Outside of the gun world, few Americans know about Kimberly Rhode. Ironically, it wasn’t until The Wall Street Journal coined her “The Unknown Olympic Champion” that the general public became curious about what this athlete had achieved.
But at the Rio Olympic Games, Rhode made history, tying a record for the most consecutive medals ever won in back-to-back Olympic Games. There, Rhode won bronze in skeet, a sport where competitors use shotguns to break clay targets that are flown into the air. Her bronze in Rio added to her collection of five Olympic medals, which began in the 1996 Atlanta Olympics when she was just 17 years old.
And she isn’t stopping there: Rhode already announced plans to compete in the 2020 Tokyo Olympics, where she stands to make history as the first male or female to ever medal in seven straight Olympic Games.
Even then, Rhode isn’t expecting to land a big sponsor—there’s too much of a stigma attached to her sport, she admits. Rhode says she doesn’t hold a grudge, but also can’t explain why more Americans aren’t interested in hearing her story.
In London, for example, Rhode didn’t realize that she was pregnant when she won gold. When asked why the media didn’t jump to tell her story the way they did when Olympic volleyball player Kerri Walsh Jennings announced she won gold while pregnant, Rhode said:
I can’t really say why people do or choose one story over another, but I was pregnant in London, and I did have a very, very challenging pregnancy. I’m still recovering from that, so I wasn’t 100 percent going into this Olympics. I definitely think it’s a good story.
— Kim Rhode (@KimRhode) August 27, 2016
However inspiring, Rhode, 37, knows her story is also controversial. As a publicly announced supporter of the Republican presidential nominee Donald Trump and a proud member of the National Rifle Association, Rhode isn’t shy about her politics.
“When you look at the gun debate and the Olympics, there definitely is that stigmatism that’s attached to our sport due to all the negative publicity that guns get,” she said.
But there’s more to Rhode—and her sport—than shooting skeets, she explained. “Shooting is actually very family-oriented,” she said. And Rhode said she fears that shooting sports could soon be dead because gun control legislation is “killing our sport.”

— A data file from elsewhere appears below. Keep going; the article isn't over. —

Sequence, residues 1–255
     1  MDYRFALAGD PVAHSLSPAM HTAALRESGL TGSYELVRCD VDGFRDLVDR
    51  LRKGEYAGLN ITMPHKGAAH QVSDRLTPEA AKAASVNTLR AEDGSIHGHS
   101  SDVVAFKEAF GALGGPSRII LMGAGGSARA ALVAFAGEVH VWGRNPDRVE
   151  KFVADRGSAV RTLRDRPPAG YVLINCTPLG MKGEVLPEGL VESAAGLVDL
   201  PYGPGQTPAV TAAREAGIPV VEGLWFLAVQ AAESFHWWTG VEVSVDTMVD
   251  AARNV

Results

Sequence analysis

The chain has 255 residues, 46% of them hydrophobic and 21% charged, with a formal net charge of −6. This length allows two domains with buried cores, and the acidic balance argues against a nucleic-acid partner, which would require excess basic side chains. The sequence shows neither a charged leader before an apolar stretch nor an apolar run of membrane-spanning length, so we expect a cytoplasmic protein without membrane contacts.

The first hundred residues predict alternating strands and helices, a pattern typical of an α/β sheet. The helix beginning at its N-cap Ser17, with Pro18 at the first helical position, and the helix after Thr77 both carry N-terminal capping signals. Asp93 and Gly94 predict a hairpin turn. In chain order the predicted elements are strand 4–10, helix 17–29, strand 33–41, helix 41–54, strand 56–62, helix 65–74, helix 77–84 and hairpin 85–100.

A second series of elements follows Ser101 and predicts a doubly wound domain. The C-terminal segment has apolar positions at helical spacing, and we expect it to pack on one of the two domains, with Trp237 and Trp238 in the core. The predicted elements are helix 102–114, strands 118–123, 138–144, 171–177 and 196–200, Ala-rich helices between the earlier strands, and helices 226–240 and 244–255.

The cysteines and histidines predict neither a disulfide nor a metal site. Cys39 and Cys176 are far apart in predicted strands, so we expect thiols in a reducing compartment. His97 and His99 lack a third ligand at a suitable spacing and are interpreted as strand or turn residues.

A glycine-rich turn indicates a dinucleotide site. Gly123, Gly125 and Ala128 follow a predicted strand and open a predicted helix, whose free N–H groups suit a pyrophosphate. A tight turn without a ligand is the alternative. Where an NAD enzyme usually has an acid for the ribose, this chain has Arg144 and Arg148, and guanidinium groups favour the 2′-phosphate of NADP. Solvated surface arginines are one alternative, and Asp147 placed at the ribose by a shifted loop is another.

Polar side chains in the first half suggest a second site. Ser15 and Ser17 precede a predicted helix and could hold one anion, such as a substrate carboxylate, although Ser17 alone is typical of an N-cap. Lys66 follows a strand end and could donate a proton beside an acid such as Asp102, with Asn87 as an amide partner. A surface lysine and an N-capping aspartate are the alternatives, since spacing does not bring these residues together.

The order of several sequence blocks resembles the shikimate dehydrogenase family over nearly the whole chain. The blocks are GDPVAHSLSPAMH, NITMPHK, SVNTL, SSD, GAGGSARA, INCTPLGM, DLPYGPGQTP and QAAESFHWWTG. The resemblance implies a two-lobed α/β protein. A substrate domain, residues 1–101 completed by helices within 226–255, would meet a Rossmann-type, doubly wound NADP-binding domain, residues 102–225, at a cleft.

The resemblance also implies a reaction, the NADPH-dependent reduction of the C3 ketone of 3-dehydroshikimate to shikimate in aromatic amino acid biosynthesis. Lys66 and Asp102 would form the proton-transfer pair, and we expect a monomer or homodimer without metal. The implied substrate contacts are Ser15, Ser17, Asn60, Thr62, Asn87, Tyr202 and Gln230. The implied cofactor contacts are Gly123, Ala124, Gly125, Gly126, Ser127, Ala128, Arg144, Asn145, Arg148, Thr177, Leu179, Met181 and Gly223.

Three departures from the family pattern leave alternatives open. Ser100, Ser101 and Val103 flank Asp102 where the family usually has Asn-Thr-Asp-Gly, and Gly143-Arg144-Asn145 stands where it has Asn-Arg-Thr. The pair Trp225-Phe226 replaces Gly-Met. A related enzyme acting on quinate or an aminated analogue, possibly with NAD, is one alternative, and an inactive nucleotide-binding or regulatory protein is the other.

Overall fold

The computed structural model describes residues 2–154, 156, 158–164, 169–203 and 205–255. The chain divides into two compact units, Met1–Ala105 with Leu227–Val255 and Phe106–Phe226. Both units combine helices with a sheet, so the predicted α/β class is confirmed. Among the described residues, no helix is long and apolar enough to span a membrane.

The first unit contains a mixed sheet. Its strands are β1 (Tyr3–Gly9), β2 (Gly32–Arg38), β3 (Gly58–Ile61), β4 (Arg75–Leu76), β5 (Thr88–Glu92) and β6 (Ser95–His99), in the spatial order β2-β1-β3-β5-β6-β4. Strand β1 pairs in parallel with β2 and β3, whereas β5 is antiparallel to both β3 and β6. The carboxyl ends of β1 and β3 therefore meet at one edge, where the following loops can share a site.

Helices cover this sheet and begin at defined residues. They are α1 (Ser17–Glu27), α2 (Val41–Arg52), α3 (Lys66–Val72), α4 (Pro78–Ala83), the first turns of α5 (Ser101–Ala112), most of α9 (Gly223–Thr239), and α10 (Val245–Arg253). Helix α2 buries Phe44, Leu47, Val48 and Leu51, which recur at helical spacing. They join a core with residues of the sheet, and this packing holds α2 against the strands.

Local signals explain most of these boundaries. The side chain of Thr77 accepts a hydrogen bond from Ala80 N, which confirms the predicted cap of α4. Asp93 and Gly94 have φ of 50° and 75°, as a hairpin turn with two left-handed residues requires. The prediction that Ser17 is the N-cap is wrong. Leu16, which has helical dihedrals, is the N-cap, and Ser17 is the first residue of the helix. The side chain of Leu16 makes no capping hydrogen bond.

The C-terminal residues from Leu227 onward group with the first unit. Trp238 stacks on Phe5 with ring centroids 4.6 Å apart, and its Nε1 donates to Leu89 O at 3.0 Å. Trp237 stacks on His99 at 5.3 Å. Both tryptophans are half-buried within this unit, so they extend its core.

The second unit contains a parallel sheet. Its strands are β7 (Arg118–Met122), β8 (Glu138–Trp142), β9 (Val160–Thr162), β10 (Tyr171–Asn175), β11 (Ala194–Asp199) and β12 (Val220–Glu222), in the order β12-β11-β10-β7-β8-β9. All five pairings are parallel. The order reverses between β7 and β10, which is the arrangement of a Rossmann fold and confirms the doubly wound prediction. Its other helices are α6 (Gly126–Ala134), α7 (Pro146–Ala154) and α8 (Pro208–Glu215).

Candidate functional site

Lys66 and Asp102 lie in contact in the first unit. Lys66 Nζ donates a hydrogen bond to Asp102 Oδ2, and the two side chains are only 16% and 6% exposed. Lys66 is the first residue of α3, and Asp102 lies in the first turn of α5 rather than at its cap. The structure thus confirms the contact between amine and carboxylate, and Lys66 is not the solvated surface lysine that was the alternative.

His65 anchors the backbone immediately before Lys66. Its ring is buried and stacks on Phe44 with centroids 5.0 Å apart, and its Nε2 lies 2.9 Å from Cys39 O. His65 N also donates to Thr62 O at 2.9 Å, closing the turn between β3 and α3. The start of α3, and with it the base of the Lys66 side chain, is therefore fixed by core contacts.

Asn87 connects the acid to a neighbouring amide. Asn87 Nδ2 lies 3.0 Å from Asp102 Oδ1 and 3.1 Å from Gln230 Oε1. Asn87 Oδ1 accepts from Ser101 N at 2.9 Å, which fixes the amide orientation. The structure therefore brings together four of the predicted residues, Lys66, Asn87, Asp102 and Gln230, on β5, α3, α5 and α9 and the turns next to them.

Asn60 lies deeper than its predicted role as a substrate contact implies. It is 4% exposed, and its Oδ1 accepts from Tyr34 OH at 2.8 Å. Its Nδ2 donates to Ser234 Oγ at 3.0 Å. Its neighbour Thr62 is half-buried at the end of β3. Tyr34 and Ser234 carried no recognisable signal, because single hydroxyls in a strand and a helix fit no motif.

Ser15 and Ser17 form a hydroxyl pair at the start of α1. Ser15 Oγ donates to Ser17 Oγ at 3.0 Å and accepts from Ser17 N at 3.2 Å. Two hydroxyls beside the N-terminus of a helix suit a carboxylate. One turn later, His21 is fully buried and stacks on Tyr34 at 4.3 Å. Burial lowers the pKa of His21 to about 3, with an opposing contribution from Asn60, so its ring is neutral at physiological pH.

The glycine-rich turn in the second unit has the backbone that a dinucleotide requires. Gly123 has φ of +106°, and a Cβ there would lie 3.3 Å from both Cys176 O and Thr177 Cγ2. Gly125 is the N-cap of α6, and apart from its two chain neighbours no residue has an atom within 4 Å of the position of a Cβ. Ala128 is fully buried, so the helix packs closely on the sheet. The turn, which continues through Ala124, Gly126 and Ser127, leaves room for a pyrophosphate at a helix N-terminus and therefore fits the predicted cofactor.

The Daily Signal caught up with Rhode to talk about alleged bias against her accomplishments, her support for the Second Amendment, and how she handles being a female in a male-dominated sport. Questions have been edited for clarity.
As as an Olympic athlete who has made history, do you believe that you’ve had the same sponsorship opportunities as other medal winners?
Within my industry, I am very well supported and I appreciate everything that I get. Because I think people forget, Olympians don’t get here on their own. But as far as outside of my industry, I would say no, I don’t think we see very many sponsors. When you look back through the history of shooters, nobody else has either. So I find that kind of interesting when you look at how long shooting has been in the Olympics and how many of the mainstream sponsors of the Olympics have actually sponsored a shooter.
So it sounds like you believe there’s some sort of stigma against your sport?
When you look at the gun debate and the Olympics, there definitely is that stigmatism that’s attached to our sport due to all the negative publicity that guns get. So unfortunately I think people have a hard time separating the fact that we are just a sport—that we teach responsibility, discipline, and focus, and we train really hard like all the other athletes.
I jokingly say that all sports matter. Not just shooting or beach volleyball. Every sport is unique and can bring something to the table and that’s really what the Olympics are about—showcasing all the different sports and the amazing talent from all over the world.
Where do you think the stigma comes from?
I think the misconceptions people have of the sport is that shooting is actually very family-oriented. It’s not a sport where you can take your kid and drop him off, and let somebody else spend the time with them. It’s actually a sport that your mother and father and your family has to be very involved in—in teaching responsibility and discipline and focus. It’s very, very family-oriented. You see fathers and sons, mothers and daughters, and mothers and sons out there—whole families shooting together. And I think that’s something that is really wonderful about the sport. It’s also great too that it doesn’t matter your size or your stature. So men and women can truly compete on an equal playing field.